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Showing posts from May, 2010

My Mad Girl

[A Question I am Not the First to Ask: What is it about women and madness? Are they more susceptible to delusion than men are? The subject of many books and hypotheses, we wonder if madness dogs the steps of creative women (eg. Anne Sexton, Sylvia Plath, Virginia Woolf, Charlotte Perkins Gilman…) Is it a biological coincidence or a recurring phenomenon? Is it socially reinforced? Do men fear the hysterical women? Is it the uterus (Greek “hysteria”) which turns the brain?]

The reclusive writer, the late Janet Frame, winner of all of New Zealand’s literary prizes, spent much time in institutions and in therapy and, as far as I can tell, her novels commonly include themes of estrangement, mental health and madness. Frame considered her 1963 novel Towards Another Summer too personal be published in her lifetime. As she’d already written an autobiography (Angel at My Table, made into a film by Jane Campion) and been this subject of several biographies, this is telling.

Towards Another Summe…

The Bird in the Cage

It seems one can hardly talk about Charles Dickens without addressing his reputation, his biography, his lifelong career, his oeuvre. No book stands purely on its own, but joins up with the others, like children with a strong family resemblance. In Little Dorrit, the writer’s habit of addressing social injustices and governmental and societal hypocrisies is here, as is his raggle-taggle bunch of characters, high and low, caricatures and miniatures. It seems impossible to say something about the book individually when one could just as easily say – that is well known. Dickens always did so-and-so. Was he habitual? I can hardly pass judgments on the man and the mind behind the novel as I know nothing other than what I read in the brief biographical sketch and the introduction to Little Dorrit. I will soon consult Michael Slater’s biography of Dickens which looks lovely (though Christopher Hitchens feels he left out a few necessaries). So let us assume that I know nothing much about Dick…

More Mr. Boz

As I finish up Little Dorrit (ravenously – it is very good), I think of two other books:

The first is Elizabeth Gaskell’s Cranford when the august and proper Miss Jenkyns discusses literature with the gregarious but gauche newcomer Captain Brown. Miss Jenkyns, a devotee of Dr. (Samuel) Johnson, is horrified when she discovers Captain Brown has a mania for Dickens (“Mr. Boz”). When Capt. Brown asks her if she thinks the Pickwick Papers are “famously good,” she replies acerbically that the writer is a young writer and if he “persevere…who knows what he may become if he will take the great Doctor for his model.” Capt. Brown feels the sting and reads her a few lines from Dickens, whereupon Miss Jenkyns sends someone to fetch a few lines of Johnson which she reads and pronounces “I imagine I am now justified in my preference for Dr. Johnson, as a writer of fiction,” sending Capt. Brown harrumphing.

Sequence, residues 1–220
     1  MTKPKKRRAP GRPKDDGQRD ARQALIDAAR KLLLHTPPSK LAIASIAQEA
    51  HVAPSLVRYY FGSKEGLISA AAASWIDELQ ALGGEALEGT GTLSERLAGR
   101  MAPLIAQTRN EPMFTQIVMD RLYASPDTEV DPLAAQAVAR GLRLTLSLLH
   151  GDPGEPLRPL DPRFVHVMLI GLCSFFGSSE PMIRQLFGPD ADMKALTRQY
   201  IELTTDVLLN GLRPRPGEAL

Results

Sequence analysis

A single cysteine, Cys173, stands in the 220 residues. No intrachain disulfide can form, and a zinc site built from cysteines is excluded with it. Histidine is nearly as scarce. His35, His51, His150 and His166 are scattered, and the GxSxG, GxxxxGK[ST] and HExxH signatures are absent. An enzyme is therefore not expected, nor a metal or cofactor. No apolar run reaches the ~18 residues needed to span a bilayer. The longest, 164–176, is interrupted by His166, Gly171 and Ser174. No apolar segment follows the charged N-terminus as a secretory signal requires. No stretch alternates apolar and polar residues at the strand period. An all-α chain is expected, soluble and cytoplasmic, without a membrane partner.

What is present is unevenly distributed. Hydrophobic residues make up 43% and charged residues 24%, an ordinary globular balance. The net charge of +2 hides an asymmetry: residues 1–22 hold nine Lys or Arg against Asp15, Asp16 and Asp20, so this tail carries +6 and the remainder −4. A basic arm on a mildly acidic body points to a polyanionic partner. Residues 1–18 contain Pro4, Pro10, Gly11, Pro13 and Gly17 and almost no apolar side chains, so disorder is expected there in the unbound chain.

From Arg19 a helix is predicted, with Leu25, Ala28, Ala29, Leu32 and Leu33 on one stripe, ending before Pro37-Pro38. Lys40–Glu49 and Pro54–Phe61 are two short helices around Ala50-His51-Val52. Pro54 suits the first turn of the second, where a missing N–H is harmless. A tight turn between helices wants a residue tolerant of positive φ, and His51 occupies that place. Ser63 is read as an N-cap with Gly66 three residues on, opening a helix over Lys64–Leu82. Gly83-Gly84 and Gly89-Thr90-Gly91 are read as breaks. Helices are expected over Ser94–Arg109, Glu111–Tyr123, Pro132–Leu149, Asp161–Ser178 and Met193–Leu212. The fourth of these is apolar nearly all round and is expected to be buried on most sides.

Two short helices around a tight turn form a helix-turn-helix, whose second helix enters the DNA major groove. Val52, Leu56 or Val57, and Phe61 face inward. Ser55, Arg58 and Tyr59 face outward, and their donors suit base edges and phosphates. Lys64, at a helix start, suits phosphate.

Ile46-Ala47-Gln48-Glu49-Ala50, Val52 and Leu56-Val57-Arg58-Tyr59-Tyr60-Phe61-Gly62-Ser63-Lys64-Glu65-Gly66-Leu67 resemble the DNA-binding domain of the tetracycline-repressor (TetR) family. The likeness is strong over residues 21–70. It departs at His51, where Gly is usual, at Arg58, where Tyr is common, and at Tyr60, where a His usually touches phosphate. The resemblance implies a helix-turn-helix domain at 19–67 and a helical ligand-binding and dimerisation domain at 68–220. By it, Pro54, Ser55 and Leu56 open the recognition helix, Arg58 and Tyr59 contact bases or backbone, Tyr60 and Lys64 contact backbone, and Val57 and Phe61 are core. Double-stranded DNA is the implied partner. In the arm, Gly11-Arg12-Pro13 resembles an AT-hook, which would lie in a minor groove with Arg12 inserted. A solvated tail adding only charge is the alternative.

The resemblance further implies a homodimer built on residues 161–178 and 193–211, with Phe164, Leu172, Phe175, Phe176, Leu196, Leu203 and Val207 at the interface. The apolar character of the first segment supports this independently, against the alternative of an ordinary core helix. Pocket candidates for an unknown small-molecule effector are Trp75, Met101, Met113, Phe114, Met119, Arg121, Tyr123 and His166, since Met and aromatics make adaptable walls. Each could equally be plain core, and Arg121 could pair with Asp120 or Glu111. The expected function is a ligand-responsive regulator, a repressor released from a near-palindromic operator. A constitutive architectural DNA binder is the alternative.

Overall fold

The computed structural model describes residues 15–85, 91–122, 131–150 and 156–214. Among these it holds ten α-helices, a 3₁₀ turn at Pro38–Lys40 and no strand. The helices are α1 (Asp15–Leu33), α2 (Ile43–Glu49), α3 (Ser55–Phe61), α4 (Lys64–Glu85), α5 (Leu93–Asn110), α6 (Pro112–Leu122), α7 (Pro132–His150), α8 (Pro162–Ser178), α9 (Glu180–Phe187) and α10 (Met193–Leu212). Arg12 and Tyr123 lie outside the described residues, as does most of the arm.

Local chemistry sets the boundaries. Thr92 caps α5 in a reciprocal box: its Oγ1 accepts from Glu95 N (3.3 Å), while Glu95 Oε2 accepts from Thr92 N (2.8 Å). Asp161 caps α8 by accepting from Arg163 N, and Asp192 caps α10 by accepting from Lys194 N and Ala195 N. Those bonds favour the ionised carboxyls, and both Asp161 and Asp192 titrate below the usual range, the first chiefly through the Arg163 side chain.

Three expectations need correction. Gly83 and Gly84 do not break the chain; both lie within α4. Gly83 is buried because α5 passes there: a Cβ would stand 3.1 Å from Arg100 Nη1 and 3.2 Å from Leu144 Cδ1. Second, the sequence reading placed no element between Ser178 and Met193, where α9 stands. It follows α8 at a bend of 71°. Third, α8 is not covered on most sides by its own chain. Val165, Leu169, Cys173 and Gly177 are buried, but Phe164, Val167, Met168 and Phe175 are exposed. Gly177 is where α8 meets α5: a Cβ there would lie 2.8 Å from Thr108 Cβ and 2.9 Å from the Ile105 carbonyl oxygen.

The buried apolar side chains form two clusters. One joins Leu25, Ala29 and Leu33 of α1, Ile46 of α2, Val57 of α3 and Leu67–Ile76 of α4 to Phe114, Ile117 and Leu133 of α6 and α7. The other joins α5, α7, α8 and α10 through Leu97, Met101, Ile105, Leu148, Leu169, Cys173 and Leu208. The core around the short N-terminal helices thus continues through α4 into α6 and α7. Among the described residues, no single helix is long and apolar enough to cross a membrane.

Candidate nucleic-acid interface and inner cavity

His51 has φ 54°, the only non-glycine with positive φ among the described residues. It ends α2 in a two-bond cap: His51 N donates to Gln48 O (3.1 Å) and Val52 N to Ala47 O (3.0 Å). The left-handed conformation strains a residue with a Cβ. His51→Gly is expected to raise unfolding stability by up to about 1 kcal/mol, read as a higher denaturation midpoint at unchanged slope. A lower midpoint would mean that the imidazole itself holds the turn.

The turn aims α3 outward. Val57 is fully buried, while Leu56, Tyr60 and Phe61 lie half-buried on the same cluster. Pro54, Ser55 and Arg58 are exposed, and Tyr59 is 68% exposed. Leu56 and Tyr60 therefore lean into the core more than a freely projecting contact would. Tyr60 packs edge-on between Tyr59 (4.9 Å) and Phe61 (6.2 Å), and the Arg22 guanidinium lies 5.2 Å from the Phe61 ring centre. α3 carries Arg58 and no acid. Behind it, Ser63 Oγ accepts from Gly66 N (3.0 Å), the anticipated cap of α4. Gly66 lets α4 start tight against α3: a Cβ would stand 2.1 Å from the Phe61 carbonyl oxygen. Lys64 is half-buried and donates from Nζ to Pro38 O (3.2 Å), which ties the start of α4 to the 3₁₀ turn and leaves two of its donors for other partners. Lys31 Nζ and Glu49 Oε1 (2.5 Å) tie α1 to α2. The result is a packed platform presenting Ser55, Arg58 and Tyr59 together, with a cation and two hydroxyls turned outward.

Dickens is shown, as a contemporary of Gaskell, to appeal to the popular but not high and con…

Natural Love

We sadly miss the beauty and silliness of medieval cosmology:

“The sun, moon, and stars go still round…for love of perfection. This love is manifest, I say, in inanimate creatures. How comes a loadstone to drawn iron to it? jet chaff? The ground to covet showers, but for love? No creature, St. Hierome concludes, is to be found…[that does not love something], no stock, no stone, that hath not some feeling of love. ‘Tis more eminent in plants, herbs, and is especially observed in vegetals…the olive and the myrtle embrace each other in roots and branches if they grow near…” Robert Burton, Anatomy of Melancholy.

Good Haul This Year

While my mother was here last week, I bagged a cache of fabulous finds. (She was kindly, defeatedly, long-sufferingly, patient.) While strolling through the subterranean hallways of Pike Place Market looking for the moomin postcard shop and a headband for my brother, we found a used book store which coughed up a postcard of Graham Greene and this:

Iris M's first novel in the hottest incarnation of a paperback.

The proprietor, who may or may not have been 1) Russian and 2) possessed by the devil, commended Iris Murdoch and said she was one of his favorite writers, but as he had been literally coughing up a hairball not a moment before and was rhapsodizing about Dover publications, I took it to mean he was an enthusiastic salesperson, nothing more, and had no special affection for Iris.